A magnificent array of horses and ponies will be on hand, including saddlebreds, hackney ponies, Friesians and fine harness horses, in nearly 900 permanent stalls.
There will be events featuring riders as young as 5 and 6 years old, on up to juniors through adults.
This year, Devon will be hosting two U.S. Show Jumping Team Observation events — part of the qualifying process used to select the 2012 U.S. Olympic Team. The first observation event is the Grand Prix at 8 p.m. May 31; the second is the Idle Dice Stakes, at 4 p.m. June 2.
"What happens here will be very important in deciding who will compete on the U.S. show jumping team at the London Olympics this summer," said Killian. "It's a rare opportunity to see elite athletes and horses."
Beyond the high-stakes competitions, which come with six-figure purses, Devon will offer family-friendly activities as well as a variety of exhibitions and special events.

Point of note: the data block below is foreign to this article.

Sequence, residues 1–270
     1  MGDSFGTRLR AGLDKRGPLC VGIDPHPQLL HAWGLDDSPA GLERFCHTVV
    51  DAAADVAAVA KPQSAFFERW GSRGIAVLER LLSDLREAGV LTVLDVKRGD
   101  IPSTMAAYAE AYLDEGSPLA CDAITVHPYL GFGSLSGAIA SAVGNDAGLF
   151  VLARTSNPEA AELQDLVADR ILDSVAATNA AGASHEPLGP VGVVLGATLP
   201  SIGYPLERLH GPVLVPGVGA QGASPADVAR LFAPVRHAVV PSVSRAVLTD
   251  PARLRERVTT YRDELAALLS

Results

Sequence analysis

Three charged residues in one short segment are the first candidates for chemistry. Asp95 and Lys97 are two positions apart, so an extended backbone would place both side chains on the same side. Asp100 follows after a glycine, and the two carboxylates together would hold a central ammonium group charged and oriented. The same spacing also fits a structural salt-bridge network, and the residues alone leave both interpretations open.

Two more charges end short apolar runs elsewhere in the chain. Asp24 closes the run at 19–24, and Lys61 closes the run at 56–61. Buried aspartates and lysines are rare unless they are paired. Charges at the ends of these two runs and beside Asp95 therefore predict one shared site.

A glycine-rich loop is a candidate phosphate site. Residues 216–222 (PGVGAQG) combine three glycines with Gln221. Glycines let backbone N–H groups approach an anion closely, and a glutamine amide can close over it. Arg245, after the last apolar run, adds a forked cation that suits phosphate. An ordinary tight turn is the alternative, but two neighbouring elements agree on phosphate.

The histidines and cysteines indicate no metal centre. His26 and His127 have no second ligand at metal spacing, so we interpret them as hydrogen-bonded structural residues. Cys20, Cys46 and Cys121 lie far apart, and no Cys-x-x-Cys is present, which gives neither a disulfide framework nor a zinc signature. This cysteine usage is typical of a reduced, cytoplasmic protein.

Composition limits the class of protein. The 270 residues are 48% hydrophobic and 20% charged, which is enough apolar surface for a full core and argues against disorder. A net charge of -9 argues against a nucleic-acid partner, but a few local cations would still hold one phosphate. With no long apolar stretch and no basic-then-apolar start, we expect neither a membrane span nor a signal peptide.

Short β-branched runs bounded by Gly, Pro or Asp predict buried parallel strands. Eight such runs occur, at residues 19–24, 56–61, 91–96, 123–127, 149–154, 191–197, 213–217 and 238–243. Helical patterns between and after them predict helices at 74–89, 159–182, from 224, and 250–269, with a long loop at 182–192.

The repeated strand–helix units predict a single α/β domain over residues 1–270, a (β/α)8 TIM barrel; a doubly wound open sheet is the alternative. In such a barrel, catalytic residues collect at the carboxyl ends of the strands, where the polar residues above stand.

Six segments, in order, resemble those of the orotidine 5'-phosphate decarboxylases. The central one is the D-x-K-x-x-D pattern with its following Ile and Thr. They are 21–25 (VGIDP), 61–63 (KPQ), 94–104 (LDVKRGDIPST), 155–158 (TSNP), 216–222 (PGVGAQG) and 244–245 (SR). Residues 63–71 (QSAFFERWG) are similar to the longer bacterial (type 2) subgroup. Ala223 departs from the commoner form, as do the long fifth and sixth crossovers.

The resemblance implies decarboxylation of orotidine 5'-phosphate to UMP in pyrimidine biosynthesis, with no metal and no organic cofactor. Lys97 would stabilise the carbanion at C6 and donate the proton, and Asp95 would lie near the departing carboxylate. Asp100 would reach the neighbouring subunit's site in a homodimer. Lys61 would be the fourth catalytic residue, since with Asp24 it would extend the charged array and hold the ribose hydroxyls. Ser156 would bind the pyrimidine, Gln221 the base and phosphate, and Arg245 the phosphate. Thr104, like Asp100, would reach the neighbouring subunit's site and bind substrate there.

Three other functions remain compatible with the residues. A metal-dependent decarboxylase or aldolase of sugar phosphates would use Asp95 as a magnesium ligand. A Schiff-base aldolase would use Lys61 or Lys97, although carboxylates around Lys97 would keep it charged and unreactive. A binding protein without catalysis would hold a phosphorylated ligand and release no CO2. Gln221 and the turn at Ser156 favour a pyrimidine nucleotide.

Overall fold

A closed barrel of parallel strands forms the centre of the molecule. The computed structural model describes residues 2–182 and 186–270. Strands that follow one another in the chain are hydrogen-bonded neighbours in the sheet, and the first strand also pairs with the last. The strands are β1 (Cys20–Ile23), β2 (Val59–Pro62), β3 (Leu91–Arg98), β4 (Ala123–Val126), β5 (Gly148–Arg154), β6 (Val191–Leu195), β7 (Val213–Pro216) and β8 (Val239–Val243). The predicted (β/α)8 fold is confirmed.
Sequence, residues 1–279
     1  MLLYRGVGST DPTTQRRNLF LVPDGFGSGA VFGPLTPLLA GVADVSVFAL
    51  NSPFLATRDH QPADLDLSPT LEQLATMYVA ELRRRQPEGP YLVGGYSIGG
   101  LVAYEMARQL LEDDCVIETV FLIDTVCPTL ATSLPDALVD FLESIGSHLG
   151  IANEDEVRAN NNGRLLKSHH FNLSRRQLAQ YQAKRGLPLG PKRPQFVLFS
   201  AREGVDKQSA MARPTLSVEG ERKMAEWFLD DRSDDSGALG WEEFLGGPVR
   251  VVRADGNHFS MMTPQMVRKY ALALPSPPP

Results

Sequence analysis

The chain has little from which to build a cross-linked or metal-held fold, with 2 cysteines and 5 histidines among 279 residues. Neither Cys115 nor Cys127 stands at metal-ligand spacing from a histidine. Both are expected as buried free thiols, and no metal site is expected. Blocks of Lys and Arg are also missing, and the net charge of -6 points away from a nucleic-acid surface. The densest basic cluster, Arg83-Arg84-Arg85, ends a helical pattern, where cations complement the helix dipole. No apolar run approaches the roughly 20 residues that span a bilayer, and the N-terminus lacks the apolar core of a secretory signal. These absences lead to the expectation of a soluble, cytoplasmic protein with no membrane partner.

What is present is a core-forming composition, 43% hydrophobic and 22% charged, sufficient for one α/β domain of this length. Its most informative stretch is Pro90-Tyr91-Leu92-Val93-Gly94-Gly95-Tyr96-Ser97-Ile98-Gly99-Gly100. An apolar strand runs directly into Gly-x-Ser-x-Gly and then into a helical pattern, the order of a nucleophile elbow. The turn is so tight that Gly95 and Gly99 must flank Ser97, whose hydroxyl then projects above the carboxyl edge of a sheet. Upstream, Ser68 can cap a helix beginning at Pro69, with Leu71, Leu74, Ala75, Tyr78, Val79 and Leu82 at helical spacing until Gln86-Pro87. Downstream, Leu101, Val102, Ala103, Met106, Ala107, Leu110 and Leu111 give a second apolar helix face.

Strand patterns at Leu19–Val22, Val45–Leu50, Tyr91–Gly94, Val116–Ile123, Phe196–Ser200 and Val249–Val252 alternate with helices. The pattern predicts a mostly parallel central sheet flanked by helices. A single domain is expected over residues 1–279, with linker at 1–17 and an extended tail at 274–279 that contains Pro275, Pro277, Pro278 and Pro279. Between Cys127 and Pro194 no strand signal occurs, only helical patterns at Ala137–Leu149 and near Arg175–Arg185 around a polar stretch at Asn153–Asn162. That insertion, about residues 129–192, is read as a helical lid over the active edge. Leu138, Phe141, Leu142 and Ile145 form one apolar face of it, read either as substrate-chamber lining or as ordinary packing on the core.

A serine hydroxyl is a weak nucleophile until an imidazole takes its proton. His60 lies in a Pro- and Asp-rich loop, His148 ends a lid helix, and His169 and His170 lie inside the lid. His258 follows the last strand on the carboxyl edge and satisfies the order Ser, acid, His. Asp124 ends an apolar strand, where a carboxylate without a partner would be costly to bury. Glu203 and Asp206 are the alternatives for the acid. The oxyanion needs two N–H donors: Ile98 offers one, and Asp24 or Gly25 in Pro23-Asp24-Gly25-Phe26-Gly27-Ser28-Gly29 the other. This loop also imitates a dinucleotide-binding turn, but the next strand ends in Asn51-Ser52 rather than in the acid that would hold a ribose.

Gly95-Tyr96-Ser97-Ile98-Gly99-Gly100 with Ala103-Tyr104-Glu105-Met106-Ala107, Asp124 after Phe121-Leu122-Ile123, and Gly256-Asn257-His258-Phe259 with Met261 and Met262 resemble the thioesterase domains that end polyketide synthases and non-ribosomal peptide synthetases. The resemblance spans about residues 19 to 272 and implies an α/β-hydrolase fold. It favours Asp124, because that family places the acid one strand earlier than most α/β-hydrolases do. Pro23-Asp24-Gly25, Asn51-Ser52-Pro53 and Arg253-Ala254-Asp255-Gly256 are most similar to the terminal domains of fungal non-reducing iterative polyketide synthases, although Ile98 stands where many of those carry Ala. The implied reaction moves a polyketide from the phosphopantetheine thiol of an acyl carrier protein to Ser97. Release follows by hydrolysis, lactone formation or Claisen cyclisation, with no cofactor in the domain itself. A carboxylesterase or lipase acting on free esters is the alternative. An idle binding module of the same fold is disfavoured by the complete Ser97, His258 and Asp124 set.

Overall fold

Western rider Lizzie Traband will show off her ability to control her mount without a bridle. There will be carriage racing, and the Wells Fargo stagecoach — drawn by a team of six horses — will offer onlookers a taste of the old Wild West.
The Radnor Hunt hounds will sniff their way along the parade route, while the Philadelphia Mounted Patrol Unit will perform. Back Barn tours will show the inner workings of a stable. Other activities include a tea at the Devon Club and a popular Hat Contest on Ladies' Day, May 30, judged by fashion expert and reality TV star Carson Kressley.
Also highly anticipated: the Doggie Dog Parade, to be held on Memorial Day. Meanwhile, the prestigious Hunter Derby will take place on the final Sunday, June 3.
Last but not least is the country fair, which features a Ferris wheel high above the show grounds, carousel rides and classic games.
Boutiques set up in cottages will offer a selection of goods: men's and women's sportswear, leather chaps and saddles, custom-made boots, blankets, alpaca coats, gold, silver and turquoise jewelry, paintings, antiques, toys and games, needlework, pottery and home decor, as well as souvenirs and collectibles.